A day at camp with… the RTR Knights

TYLER – Football coaches love their philosophies, the mantras they wish to espouse on their team. Eventually those philosophies become slogans synonymous with the team itself. Notre Dame has “Play like a champion today.” For almost 50 years, the Oakland Raiders have believed in “Just win, baby.”

Under first-year head coach Jared Buysse, the Russell-Tyler-Ruthton Knights are trying a new philosophy of their own: dedication, discipline and desire.

“Dedication, discipline and desire. Those are the three things that we need to accomplish this year,” Buysse said. “We need to be dedicated, disciplined and desire to have a successful year this year.”

Along with a renewed focus on the fundamentals of football, the Knights have changed the broader structure of how they practice in pursuit of their new identity. Gone are drills stretching over long percentages of practice, replaced by highly regimented five-minute periods where each position is able to focus on a particular skill.

“We are very structured this year. We’ve got a lot of periods, short five-minute periods so that we can keep things organized,” Buysse said. “Each coach is in charge of a group and then I can kind of float around, so it’s really nice.”

From the coach to the ball boy, just about everyone on the RTR sidelines on Friday’s this fall will be young, especially since the Knights have just four seniors on their roster.

But the youth in camp is something that Buysse sees as a potential benefit. While it certainly helps to have veterans on a football team, the younger players are more malleable to Buysse’s new styles, new systems and brand new offensive playbook. Though the first-time head coach did admit that he will rely on his seniors, especially running backs Brett Vercruysse and Ty Thooft.

“It’s kind of nice. Most of our guys, especially our seniors, played last year so it’s kind of nice to have that leadership, showing the kids the right way to do things,” Buysse said. “With the younger guys coming in and coming up, they’ve got a brand new system to work under.”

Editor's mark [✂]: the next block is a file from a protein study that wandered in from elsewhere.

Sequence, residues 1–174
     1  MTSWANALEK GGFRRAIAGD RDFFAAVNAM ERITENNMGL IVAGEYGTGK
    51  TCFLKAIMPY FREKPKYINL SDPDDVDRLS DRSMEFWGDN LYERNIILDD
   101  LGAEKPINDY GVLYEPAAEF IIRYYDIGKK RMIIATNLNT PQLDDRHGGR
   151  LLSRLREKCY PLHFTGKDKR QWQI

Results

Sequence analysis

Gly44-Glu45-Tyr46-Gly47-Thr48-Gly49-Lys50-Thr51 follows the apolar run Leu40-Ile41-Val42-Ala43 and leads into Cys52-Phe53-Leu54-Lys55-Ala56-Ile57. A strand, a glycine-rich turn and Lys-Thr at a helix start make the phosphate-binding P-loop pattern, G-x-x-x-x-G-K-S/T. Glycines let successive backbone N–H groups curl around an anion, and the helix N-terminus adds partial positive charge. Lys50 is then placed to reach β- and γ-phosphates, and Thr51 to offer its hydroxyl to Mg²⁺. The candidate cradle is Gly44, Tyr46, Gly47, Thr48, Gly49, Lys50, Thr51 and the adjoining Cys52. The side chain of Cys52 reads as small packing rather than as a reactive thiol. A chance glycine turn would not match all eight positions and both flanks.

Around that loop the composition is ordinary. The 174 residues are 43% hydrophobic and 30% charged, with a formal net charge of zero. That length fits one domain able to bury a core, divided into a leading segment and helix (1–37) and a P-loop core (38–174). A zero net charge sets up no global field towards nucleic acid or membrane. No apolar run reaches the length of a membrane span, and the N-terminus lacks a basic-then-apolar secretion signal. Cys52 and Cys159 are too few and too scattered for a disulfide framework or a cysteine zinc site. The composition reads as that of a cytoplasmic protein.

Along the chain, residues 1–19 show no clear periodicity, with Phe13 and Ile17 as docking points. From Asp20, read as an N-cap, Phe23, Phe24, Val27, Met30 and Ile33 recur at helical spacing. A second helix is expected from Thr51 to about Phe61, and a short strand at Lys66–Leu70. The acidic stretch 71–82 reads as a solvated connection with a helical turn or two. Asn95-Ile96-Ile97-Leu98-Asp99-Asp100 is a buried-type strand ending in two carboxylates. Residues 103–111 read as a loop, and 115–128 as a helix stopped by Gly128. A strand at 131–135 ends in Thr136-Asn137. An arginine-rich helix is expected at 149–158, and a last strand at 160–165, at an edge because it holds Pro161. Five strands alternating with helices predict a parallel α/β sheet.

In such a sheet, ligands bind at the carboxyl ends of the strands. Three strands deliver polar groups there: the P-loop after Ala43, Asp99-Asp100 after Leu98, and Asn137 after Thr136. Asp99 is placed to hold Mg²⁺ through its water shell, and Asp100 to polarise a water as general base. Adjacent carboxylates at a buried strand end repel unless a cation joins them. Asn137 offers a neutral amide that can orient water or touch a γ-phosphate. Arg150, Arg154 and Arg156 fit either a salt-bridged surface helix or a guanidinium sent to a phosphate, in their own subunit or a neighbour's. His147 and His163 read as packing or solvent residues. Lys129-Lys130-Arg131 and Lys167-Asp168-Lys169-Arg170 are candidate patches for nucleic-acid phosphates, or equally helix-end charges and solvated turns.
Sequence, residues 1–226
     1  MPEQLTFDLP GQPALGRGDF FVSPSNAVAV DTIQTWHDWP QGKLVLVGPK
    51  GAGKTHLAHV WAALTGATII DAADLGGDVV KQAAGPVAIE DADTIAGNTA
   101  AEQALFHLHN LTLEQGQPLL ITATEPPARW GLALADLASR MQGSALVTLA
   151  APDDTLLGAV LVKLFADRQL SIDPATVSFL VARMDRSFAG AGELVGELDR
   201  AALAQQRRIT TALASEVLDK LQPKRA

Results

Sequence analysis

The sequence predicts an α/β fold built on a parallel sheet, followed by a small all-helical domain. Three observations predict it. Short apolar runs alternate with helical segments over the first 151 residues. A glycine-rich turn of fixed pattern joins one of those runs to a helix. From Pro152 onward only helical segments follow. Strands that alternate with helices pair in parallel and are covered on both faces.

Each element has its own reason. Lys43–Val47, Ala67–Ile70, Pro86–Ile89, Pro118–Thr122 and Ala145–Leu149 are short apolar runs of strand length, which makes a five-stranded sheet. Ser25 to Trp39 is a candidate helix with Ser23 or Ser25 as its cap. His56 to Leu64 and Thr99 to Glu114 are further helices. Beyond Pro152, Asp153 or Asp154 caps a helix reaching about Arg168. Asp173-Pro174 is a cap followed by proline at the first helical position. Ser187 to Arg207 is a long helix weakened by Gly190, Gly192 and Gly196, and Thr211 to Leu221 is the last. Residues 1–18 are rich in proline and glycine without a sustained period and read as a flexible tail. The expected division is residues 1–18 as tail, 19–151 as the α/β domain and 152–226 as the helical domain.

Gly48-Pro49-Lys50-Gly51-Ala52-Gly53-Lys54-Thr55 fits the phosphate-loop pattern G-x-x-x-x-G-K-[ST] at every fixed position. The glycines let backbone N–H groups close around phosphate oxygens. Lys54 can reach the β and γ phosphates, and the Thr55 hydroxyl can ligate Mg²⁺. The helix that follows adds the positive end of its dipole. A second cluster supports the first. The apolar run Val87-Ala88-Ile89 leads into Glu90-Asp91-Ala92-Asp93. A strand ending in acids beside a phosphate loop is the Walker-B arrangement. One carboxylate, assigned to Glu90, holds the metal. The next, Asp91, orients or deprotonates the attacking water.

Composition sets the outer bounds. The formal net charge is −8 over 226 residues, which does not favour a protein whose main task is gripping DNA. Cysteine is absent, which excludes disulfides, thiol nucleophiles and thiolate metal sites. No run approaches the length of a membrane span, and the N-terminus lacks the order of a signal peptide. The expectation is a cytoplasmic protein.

Despite returning their two primary ball carriers from last season, the Knights do have to replace the young man who took all of its snaps in 2012. Shay Wabeke graduated after throwing for 433 yards and rushing for 637 yards and seven scores. Wabeke was the team’s only all-area performer a year ago and led the area in punting, amassing 1,266 net yards (also averaging 34.2 yards per punt).

After the first week of practice, the Knights were still engaged in a quarterback battle to see who would be under center for RTR in 2013. Thooft is also competing for the QB spot with sophomore Dain LaRock and junior Brandon Verly, but none had yet to separate himself from the others.

Not only is Buysse changing the motto and playbook of the Knights, he is also hoping to change the culture around the program. RTR has endured seven straight losing seasons, drifting farther from the top of the Little Sioux Conference over that time. Over the past three seasons, the Knights have compiled an overall record of 7-19 and finished 1-8 in 2012. RTR subsequently has not finished .500 or better in the conference since a 4-4 mark in 2009, while a 38-16 win over Canby in the Section 5A playoffs of that same year was the last time the Knights went beyond the first game of the postseason.

Interestingly, Buysse’s first game as a head coach will be against the very team he is looking to catch in the conference.

RTR opens the 2013 regular season at home in Tyler on Aug. 29 against two-time defending Section 5A champions Dawson-Boyd. The Blackjacks have also won at least a share of the Little Sioux Conference title for each of the past three years.

Judging by how he reacted to his first practice, expect Buysse to be a little excited for that first game as a head coach.

“Yeah, I was a little excited. It’s always been a dream of mine to be a head coach. When the first day came, I don’t think I slept at all the night before,” Buysse said. “I was super excited during the first five minutes, getting everybody warmed up, after that it was back to normal. It felt really good and was nice to get things under way.”

Along with the excitement, Buysse hopes to settle into his groove along the sidelines early on against Dawson-Boyd. And he hopes the Knights can find their groove quickly as well.